20 February 2018

Tanzania: Conservationists Hope World Bank Funds Will Help Save Selous

Conservationists believe that part of $150 million (about Sh330 billion) offered by the World Bank for boosting tourism in the southern circuit can be used to mitigate effects of economic projects planned within the Selous Game Reserve.

They argue that if used appropriately, the money would ensure that the country attains economic gains while at the same time ensuring that the Selous, the largest reserve in Tanzania, continues to be home to millions of wildlife species.

Those who spoke during a recent seminar opined that the project should be conducted in such a way that it protects the natural wildlife sanctuary.

Their worries stem from various development activities that the government plan to implement within the reserve. They include the envisaged uranium mining and Stigler Gorge hydroelectricity project.

Due to that, they are of the view that the project should be conducted in compliance with Chapters 104 and 105 of the Environmental Management Act of 2004.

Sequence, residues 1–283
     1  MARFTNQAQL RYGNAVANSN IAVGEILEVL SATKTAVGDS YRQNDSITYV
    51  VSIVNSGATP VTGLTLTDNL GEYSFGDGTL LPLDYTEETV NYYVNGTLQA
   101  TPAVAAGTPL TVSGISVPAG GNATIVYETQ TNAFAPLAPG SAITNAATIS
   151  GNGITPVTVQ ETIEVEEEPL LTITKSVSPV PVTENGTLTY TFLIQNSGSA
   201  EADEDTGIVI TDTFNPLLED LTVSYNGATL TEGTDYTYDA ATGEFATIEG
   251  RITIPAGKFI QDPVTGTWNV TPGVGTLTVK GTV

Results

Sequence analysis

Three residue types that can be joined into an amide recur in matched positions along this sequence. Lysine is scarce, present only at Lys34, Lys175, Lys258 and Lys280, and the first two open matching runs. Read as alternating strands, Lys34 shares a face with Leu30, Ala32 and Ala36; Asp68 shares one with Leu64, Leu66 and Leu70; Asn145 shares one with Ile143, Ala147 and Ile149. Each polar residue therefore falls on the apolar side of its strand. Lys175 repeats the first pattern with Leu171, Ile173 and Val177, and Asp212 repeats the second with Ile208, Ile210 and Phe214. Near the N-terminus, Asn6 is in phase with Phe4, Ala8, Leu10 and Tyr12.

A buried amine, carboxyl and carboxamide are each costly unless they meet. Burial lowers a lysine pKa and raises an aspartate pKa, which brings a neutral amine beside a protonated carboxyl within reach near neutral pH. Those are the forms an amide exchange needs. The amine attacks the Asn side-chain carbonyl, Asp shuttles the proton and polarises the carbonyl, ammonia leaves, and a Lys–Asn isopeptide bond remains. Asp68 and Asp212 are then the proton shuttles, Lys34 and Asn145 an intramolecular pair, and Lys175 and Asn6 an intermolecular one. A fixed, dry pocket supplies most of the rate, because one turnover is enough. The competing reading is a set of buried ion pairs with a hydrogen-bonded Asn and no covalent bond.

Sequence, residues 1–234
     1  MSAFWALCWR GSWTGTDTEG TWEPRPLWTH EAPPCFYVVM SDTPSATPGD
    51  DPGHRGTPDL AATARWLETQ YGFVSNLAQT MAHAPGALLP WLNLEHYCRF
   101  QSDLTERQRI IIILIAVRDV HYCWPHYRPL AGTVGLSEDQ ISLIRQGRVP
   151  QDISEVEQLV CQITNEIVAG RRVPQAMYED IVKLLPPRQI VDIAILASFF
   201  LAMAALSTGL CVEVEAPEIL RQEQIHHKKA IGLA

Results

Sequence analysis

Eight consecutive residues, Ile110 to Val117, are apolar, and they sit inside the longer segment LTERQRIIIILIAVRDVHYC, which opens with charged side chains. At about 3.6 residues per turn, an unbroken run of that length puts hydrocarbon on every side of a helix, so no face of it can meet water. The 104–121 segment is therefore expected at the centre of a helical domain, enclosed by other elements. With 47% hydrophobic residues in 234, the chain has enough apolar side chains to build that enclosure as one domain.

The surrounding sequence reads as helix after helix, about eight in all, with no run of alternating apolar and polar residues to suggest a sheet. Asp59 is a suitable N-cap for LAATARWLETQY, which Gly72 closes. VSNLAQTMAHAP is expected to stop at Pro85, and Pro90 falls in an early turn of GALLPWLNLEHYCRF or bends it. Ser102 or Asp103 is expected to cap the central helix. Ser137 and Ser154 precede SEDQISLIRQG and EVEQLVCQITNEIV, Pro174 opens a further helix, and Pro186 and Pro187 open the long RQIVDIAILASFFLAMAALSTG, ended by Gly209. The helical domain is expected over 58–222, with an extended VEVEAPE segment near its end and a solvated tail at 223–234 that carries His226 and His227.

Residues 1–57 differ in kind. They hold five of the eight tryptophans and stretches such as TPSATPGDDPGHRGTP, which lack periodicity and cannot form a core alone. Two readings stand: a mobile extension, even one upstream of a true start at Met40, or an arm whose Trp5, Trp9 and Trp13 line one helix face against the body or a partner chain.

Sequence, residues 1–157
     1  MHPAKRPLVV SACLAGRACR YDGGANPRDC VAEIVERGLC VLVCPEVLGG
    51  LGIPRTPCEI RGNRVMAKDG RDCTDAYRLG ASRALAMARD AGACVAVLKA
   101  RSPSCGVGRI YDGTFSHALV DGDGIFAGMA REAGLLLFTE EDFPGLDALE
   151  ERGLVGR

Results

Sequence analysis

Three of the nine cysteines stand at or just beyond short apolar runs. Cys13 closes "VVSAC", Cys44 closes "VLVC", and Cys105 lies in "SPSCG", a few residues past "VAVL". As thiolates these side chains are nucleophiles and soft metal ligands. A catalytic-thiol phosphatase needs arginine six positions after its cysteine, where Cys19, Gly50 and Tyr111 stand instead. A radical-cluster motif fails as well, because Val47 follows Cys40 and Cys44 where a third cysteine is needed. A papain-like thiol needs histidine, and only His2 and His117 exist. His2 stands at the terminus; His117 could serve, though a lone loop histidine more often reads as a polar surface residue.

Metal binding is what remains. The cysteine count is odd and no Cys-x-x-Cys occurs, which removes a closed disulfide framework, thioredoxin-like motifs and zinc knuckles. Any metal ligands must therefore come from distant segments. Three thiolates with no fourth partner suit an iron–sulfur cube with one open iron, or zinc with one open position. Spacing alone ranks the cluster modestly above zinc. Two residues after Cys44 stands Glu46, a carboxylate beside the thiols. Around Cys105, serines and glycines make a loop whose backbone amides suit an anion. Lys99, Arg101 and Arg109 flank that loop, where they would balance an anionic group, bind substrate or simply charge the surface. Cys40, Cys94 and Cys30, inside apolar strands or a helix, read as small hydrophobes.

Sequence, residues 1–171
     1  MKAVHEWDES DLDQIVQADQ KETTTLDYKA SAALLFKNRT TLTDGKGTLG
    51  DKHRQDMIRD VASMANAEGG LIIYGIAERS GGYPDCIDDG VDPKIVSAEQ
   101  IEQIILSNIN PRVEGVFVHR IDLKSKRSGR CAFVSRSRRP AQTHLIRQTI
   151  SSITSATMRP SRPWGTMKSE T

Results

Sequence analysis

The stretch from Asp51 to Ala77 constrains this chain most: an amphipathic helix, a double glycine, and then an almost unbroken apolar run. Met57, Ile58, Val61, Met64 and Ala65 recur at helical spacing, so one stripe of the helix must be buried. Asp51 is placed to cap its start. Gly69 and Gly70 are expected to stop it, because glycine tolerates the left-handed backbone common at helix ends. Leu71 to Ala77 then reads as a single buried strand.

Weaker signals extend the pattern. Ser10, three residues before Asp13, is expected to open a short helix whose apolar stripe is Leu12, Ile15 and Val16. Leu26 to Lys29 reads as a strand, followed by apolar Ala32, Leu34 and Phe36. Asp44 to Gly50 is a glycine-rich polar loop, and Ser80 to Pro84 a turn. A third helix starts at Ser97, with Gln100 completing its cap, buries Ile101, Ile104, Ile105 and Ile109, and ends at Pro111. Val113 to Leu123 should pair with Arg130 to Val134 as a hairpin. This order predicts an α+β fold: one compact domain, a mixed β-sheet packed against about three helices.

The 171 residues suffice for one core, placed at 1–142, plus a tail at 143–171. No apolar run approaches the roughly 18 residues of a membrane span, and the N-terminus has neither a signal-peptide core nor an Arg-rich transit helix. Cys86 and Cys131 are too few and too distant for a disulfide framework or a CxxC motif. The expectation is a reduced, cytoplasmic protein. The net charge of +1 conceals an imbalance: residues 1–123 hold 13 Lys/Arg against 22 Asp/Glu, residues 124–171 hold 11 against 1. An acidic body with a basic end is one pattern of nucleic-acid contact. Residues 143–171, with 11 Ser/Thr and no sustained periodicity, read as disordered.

The aforementioned chapters state that whenever public policies, programmes and development plans are promulgated, they must include a strategic environmental assessment statement on the possible effects of such regulations, public policies, programmes or development plans may have on the environment.

"This is why we believe that the programme, which was launched recently in Iringa, might provide a solution to some problems," said a source - who works with wildlife conservation organisation - but preferred to be anonymous.

He said part of the money earmarked for Selous can be used to put in place infrastructures, which will ensue that water flow in the lower part of Rufiji River is not affected by the project.

Mr Atilio Tagalile, who works with World Wildlife Fund (WWF) Tanzania office says what is important is to conduct Strategic Environmental Assessment (SEA).

"It is only SEA, which will give us correct inputs as far as effects of Stigler project is concerned. From that, we will be able to deduce what should be done to mitigate the effects," he says.


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